Recently, the U.S. Department of State authorized the waiver of consular interviews for certain H-1B, H-4, L-1, H-3, O, P, and Q visa holders. This decision was in response to the long wait times for visa interviews at U.S. consulates across the globe. This new policy went into effect until January 1st, 2022 and is scheduled to remain in place until December 21, 2022. According to this policy, holders of the visas listed above may have their consular interview waived, so long as they meet the following conditions: 1) Issued any visa in the past; 2) Applying in the same country of nationality; and 3) No history of visa refusal. Additionally, interviews may be waived for those first time visa holders who have previously traveled to the U.S. using ETSA as a citizen of country under VWP (Visa Waiver Program). Countries under VWP may be found here: https://www.dhs.gov/visa-waiver-program-requirements. The policy further states that anyone applying for visa renewal within 48 months of their current’s expiration will qualify for the visa interview waiver.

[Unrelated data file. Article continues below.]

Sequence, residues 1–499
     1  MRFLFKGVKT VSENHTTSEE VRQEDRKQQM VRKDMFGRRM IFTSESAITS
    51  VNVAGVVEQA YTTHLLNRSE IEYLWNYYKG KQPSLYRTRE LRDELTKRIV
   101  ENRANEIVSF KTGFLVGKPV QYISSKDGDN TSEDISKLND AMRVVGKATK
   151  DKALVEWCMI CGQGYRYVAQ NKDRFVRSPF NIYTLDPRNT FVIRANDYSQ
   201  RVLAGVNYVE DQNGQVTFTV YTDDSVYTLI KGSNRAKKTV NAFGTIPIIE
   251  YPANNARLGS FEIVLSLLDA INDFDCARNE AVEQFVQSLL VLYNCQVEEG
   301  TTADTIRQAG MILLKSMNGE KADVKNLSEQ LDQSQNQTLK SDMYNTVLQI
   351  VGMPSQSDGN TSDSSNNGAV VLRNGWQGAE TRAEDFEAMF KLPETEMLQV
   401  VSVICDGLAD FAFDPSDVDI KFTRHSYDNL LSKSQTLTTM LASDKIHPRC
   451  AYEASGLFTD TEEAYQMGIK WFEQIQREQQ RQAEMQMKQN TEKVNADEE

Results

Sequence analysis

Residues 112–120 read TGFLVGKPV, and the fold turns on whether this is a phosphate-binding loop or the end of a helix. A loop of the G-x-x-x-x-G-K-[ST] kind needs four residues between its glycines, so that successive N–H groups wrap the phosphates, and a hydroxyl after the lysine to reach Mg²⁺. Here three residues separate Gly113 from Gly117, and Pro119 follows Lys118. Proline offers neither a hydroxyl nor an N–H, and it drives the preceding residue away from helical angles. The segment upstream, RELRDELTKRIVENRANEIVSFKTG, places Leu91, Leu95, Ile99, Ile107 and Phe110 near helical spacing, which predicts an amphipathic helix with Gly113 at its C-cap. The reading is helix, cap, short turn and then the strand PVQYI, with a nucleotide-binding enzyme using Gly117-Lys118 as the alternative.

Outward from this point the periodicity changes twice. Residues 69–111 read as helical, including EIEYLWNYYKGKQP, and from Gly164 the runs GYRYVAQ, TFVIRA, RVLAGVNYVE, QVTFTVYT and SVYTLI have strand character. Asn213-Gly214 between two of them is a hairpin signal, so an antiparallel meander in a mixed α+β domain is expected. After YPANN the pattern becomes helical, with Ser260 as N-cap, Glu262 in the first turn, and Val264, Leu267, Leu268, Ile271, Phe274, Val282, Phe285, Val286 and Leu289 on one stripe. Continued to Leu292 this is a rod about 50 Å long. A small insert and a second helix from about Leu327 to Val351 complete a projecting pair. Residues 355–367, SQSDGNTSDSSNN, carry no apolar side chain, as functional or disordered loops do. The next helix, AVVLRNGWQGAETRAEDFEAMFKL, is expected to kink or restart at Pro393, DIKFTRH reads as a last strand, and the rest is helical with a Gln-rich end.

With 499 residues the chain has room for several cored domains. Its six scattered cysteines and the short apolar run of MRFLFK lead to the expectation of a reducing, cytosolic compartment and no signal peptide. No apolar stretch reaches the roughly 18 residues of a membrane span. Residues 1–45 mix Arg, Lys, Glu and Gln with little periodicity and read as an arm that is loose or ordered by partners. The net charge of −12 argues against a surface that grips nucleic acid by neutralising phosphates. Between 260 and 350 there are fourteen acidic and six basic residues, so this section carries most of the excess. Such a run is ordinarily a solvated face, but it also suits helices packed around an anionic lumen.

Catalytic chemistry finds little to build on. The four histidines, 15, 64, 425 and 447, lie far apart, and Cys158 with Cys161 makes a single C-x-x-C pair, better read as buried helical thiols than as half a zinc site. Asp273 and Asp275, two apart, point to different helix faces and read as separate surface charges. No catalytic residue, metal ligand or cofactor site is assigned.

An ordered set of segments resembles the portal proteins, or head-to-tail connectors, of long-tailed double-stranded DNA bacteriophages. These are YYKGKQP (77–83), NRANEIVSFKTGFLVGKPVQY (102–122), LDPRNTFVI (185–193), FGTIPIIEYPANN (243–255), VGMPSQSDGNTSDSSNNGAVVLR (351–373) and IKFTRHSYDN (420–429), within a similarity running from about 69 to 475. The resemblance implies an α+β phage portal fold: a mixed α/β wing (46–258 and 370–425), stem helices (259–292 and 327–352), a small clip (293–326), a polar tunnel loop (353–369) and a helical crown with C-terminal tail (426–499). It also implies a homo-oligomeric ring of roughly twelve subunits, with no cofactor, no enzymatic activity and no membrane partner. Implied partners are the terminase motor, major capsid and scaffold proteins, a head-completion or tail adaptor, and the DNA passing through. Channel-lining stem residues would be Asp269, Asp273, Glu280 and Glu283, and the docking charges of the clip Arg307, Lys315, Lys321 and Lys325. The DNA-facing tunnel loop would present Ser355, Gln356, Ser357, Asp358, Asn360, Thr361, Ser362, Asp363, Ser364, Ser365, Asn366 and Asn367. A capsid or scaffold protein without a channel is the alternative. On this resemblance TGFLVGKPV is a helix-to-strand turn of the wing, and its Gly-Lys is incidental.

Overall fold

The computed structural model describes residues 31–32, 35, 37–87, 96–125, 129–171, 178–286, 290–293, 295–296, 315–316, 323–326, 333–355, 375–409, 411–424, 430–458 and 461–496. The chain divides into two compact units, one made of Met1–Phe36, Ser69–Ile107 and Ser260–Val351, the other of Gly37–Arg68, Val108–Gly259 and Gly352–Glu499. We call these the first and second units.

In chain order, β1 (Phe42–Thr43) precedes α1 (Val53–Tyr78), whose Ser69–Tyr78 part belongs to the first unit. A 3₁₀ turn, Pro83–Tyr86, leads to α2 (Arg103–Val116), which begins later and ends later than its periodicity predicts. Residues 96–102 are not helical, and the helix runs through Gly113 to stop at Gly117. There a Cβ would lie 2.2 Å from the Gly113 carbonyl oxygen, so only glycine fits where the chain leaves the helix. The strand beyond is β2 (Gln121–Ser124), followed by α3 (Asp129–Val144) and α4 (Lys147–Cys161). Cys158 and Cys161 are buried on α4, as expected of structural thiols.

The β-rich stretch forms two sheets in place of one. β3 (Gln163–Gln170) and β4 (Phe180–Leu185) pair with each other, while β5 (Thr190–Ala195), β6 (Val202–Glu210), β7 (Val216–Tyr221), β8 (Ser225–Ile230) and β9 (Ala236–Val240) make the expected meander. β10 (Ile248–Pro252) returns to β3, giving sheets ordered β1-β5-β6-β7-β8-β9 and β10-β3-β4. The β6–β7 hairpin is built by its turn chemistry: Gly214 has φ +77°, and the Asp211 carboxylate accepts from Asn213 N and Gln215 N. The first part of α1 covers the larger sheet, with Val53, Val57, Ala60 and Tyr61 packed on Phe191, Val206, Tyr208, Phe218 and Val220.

The Visa Waiver Program varies based on country. For example, U.S. Consulates in India utilize the dropbox option for their in-person interview waiver and plan to open an additional 20,000 slots for Spring 2022. In order to determine the requirements for the country one wishes to attend their consular interview at, simply go to that consulate’s US state department website where you’ll find the requirements and steps for waiving your interview. We also want to mention that while consular officers have the discretion to waive in-person interviews, that are not bound to it and can schedule interviews for those they see fit.
Unfortunately, it seems as though this policy will not apply to first time Visa applicants that have not attended a consular interview to get their visa stamped in their passport previously from countries such as India or China. However, it will allow many of those currently stuck in those countries affected by the long interview wait times, to more expeditiously return to the U.S. I personally have spoken to quite a few individuals currently stuck in India, unable to obtain a consular appointment to receive their visa stamp, so this new policy should definitely help resolve that.